Saturday, Sep 22, 2018 | Last Update : 06:20 PM IST

Playing politics over security?

THE ASIAN AGE.
Published : Apr 26, 2018, 2:30 am IST
Updated : Apr 26, 2018, 2:30 am IST

The AFSPA now needs to be removed or at least relaxed in Kashmir.

AFSPA gives special powers and immunity to the armed forces in areas declared as “disturbed” by the government. (Photo: Representational/PTI)
 AFSPA gives special powers and immunity to the armed forces in areas declared as “disturbed” by the government. (Photo: Representational/PTI)

Continuing with AFSPA isn’t justified
M. Ashraf

The Armed Forces (Special Powers) Act (AFSPA) was imposed on J&K in the 1990s to help the security forces in combating militancy in a more effective and unhindered way. At that time there were thousands of militants, most of them trained and fully armed from across the border. It was truly a situation of proxy war. The armed forces did need extraordinary powers, including blanket legal protection for unhindered operations. Soon militancy was successfully contained even though there were gross violations of human rights, including extra-judicial killings, mass rapes and massive destruction of property. All such actions were justified on the plea there was no other way to control the situation.

The situation was, to a great extent, brought under control by the mid-1990s, when elections were held and Dr Farooq Abdullah returned as chief minister. The coming years saw more improvement in the situation, with only isolated cases of violence reported from different parts of the state. Most of these could be dealt with even under normal laws and there was no necessity for the extraordinary powers continuing to vest with the security forces. However, in spite of repeated requests by successive state governments and almost all prominent political leaders, the extra-judicial power to the security forces was not withdrawn. A number of cases wherein Army personnel were charged with gross violations of human rights could not be prosecuted as the Central government refused to give permission for prosecution. All these cases were then transferred to Army courts for court-martial, but the accused were let off.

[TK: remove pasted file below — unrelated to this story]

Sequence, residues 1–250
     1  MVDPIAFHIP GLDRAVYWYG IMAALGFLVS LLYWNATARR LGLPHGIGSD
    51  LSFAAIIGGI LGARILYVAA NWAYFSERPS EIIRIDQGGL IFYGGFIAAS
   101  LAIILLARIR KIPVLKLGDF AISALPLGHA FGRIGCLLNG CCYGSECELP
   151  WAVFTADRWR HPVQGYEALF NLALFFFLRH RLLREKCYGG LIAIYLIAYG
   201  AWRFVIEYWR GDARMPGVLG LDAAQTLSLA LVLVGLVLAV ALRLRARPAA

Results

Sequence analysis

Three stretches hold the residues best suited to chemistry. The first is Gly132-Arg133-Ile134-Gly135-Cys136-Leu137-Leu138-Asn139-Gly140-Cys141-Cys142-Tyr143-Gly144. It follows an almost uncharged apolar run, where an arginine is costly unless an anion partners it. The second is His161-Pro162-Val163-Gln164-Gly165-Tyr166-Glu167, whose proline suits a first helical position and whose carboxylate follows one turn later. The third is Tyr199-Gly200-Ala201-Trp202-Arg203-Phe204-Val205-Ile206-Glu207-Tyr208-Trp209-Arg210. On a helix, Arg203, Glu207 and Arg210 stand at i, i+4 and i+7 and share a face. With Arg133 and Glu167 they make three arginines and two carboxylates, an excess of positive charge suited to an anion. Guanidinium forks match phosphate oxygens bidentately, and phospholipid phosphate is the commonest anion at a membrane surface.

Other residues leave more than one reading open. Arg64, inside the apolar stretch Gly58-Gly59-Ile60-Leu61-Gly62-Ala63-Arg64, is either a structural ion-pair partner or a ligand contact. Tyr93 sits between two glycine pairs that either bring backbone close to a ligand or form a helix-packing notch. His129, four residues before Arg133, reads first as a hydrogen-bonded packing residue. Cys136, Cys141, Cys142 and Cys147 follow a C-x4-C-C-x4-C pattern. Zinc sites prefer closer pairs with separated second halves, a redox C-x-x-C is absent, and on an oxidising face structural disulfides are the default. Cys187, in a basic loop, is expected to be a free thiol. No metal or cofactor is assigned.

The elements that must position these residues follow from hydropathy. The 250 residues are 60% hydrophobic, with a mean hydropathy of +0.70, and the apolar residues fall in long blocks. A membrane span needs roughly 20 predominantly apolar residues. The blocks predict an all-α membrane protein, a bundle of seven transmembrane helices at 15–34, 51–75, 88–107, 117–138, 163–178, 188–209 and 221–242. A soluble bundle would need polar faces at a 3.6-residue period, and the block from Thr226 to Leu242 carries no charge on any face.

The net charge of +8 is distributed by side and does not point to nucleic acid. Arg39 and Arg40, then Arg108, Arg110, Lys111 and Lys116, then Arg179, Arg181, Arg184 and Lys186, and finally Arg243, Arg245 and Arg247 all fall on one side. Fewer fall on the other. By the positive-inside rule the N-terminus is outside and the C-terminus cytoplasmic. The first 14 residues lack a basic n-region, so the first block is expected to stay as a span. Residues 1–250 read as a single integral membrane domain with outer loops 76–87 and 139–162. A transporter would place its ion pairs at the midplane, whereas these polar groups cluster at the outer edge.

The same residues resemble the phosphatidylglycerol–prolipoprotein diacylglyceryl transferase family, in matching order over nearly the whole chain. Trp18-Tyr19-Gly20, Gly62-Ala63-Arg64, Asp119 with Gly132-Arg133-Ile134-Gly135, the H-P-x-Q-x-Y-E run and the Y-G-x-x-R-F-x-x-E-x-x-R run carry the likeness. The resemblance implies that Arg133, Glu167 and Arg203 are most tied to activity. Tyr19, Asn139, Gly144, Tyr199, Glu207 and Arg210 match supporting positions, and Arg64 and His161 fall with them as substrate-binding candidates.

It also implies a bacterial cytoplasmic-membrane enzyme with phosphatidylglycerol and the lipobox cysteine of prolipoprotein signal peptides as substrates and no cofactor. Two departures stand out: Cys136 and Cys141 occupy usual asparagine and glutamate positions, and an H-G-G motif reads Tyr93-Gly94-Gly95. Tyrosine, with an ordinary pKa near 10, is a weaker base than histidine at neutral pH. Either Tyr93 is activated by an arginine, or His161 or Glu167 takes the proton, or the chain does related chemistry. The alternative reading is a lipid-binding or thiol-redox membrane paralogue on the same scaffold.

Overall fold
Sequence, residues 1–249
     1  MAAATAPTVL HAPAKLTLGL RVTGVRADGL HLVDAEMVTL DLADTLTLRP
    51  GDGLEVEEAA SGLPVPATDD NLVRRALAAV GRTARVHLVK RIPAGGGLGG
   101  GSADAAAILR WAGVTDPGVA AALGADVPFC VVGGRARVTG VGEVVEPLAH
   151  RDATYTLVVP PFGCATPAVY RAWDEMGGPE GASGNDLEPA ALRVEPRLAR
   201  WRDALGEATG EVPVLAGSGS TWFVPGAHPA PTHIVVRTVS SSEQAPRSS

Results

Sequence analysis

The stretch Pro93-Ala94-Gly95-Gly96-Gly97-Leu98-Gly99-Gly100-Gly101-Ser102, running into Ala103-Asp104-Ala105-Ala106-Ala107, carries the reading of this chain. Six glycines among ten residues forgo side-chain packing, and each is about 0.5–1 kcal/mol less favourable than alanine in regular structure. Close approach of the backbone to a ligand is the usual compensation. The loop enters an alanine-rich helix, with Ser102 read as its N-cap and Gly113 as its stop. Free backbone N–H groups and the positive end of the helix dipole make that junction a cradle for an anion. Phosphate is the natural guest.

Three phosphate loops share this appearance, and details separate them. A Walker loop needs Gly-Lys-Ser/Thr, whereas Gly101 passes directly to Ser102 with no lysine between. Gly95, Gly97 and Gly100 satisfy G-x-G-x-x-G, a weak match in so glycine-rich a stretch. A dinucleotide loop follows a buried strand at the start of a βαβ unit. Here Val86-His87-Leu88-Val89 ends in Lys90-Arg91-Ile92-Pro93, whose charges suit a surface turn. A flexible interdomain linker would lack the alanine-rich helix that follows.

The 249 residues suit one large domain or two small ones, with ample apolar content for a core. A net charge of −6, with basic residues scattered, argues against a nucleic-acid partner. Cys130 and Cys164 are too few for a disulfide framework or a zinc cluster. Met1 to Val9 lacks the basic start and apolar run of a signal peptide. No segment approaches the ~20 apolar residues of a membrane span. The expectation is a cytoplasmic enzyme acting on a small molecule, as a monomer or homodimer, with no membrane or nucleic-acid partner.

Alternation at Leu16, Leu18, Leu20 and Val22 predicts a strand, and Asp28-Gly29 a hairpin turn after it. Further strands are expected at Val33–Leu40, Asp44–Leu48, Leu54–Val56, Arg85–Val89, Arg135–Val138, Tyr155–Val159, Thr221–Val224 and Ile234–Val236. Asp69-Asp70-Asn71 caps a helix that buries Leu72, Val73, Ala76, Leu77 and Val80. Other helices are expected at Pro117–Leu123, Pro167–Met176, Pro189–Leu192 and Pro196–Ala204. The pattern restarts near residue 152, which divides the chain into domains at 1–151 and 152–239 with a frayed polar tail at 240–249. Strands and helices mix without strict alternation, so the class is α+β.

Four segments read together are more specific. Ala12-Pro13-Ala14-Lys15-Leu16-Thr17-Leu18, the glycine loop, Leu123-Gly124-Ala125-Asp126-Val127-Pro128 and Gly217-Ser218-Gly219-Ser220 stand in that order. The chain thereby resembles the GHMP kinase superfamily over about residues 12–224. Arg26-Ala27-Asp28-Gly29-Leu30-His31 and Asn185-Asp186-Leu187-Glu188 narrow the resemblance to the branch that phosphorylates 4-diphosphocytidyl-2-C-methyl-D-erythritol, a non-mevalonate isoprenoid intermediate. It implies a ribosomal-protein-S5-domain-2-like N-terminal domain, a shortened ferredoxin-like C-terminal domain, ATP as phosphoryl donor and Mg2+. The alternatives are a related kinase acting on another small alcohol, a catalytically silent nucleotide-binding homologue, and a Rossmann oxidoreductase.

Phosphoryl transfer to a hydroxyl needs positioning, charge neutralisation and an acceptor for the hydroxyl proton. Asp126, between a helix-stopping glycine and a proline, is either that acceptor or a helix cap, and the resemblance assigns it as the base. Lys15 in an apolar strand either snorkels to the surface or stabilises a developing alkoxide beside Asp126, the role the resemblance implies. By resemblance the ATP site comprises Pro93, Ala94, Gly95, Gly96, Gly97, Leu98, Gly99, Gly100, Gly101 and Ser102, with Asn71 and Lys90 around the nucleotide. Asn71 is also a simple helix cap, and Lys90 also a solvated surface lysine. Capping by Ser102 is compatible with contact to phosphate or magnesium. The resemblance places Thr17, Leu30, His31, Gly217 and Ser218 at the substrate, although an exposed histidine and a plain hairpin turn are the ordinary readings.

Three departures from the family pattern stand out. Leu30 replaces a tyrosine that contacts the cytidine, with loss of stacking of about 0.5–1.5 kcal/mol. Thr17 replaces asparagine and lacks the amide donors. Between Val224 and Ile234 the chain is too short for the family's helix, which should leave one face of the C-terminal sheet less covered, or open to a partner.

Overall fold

The most glaring case was the Pathribal incident, in which five villagers, allegedly involved in the murders of the Sikhs of Chattisinghpora during the visit of US President Bill Clinton to India, were killed. This case too was transferred to the Army for court-martial and the accused were allowed to go scot-free.

The new wave of militancy has risen mostly due to the extreme harassment carried out by different security agencies, including the armed forces. The Burhan Wani phenomenon was a result of this harassment. In fact, most of the new militants who have risen in different parts of the Valley have claimed that they were forced to join militancy due to the continuous harassment from the security agencies, including the Army.